Fae Apoc, approx. now.
Content Warnings: This setting, although not this ficlet, contains rape, mind control, and dubious consent situations.
This particular story contains kidnapping and slavery, bondage, violence, and will eventually contain Stockholm Syndrome.
He kept expecting her to shove the gag back in his mouth. He’d just told her that she couldn’t trust him, that he wouldn’t promise even to not attack her. She knew he would try to escape given the slightest chance.
But she put the pie in the oven and dried the dishes he’d washed, put away her pottery like it wasn’t the end of the world, like she didn’t have someone chained up in her kitchen, and then she’d led him into her living room. (Floor plan — http://aldersprig.dreamwidth.org/890220.html )
She had those floor bolts everywhere. Not that Amrit was surprised, not if he wasn’t the first person she’d collared. She led him to a nice soft armchair near the wood stove, locked his chain to the floor, and taken the other chair herself.
“No Workings,” she warned him, “or the gag goes back in.” Amrit waved the warning away with a dismissive hand; he got the point already. He’d have to get the gag out when she wasn’t listening.
He worked his mouth while she picked up her knitting — really? She was going to sit by the fire and knit? Could she be any more homey? — feeling around the edges of his lips. He was starting to heal already. The hawthorn had to be working its way out of his system. Once it was mostly gone — once he could cut himself and have the mark vanish in less than twenty minutes — then he could make his escape.
“This a normal evening for you?” He hadn’t meant to say anything at all, but the silence seemed to ask for it.
She looked up at him, her fingers still working on her knitting. “Most nights. Sometimes I read. Sometimes… well, but that’s not going to happen.”
The room was only dimly lit, two flickering gas lamps and the fire casting everything into ruddy shadows, but it seemed as if she might be blushing. Amrit coughed. “Sometimes…?” he prompted.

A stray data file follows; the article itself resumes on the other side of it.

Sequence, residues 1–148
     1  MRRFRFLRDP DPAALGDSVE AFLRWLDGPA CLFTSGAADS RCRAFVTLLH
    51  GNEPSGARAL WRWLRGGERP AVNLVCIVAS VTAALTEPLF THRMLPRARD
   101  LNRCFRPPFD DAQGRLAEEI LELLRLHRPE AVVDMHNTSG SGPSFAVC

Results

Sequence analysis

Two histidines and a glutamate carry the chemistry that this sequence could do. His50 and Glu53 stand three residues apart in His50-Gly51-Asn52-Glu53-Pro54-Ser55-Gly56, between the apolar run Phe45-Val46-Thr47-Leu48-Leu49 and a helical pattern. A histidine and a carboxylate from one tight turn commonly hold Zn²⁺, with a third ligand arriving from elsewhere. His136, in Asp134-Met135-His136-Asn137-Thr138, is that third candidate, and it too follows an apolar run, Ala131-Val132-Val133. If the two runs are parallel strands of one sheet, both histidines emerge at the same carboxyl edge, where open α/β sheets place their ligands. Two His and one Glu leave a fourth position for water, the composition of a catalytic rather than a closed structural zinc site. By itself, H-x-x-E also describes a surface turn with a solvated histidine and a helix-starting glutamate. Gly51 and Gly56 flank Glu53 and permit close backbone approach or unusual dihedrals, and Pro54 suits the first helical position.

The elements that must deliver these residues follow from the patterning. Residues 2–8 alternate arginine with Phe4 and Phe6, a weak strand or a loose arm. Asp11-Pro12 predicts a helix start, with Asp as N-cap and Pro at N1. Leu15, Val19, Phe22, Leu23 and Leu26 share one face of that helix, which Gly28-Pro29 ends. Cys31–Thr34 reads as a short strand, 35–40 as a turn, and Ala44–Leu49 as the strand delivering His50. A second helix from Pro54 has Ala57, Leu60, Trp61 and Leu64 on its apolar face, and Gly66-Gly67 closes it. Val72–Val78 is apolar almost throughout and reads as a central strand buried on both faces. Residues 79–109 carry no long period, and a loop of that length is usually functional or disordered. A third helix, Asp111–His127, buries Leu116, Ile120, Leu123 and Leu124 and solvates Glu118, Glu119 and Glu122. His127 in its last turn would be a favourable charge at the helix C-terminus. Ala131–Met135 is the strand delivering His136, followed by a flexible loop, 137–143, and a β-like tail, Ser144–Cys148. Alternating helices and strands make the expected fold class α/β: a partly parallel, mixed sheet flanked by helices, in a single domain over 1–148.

“Sometimes I have more cooperative Kept.”
“I’m not your Kept.”
She snorted. That hadn’t been been the response he’d been expecting. “I noticed, trust me. Some day, that slave factor is going to find his pants full of annoyed bees.”
“What, you were expecting a Kept?” He tugged at the chain. You didn’t normally have to tie Kept up.
“…Second one was human,” she explained. “Humans require a bit more, ah, patience. Well, than a Kept.” She smiled crookedly at him. “I’d say you require enough patience for any three humans.”
“Hey!” He glared at her. “It’s not like I asked for this. Any of it. And it’s not like you’re being like the height of patience and tolerance here.” She really was being more patient than he’d thought she’d be… but there was no need to say that.
“It’s not as if the slave markets come with provenance and papers on people. Some of them do volunteer, you know.”
“Who the fuck would volunteer for a collar and a leash and…” Amrit twisted his face up – being owned?“
“Well, let’s see.” She ticked off on her fingers. “People who don’t know how to survive in the world as it’s ended up. People who want to escape the world they’re in – or the people they’re with, or something like it – enough that they’re willing to give up freedom. People who are just that naturally submissive. The Departed Gods made Keeping for a reason, and it wasn’t to sell people in slave markets, you know.”
Amrit blinked at her. “Thorough.” He sneered. “None of that’s me, though.”
“Been Kept before, have you?” She asked it far too casually.
Amrit tugged on the chain on his leg. It was starting to chafe. “For like a month. Something my Mentor set up after he released me. Tricked me into it and everything. I didn’t know,” he added defensively. “If I’d known it’d just be a month, I might’ve…”
She was raising her eyebrows at him. He could tell that even in the flickering gaslight. “Fuck you, lady,” he muttered.
“Mieve,” she corrected, far too serenely. “My name is Mieve. Fuck you, too.”
She made it sound like a benediction. “Amrit,” he offered, in lieu of an amen. “My name is Amrit.”
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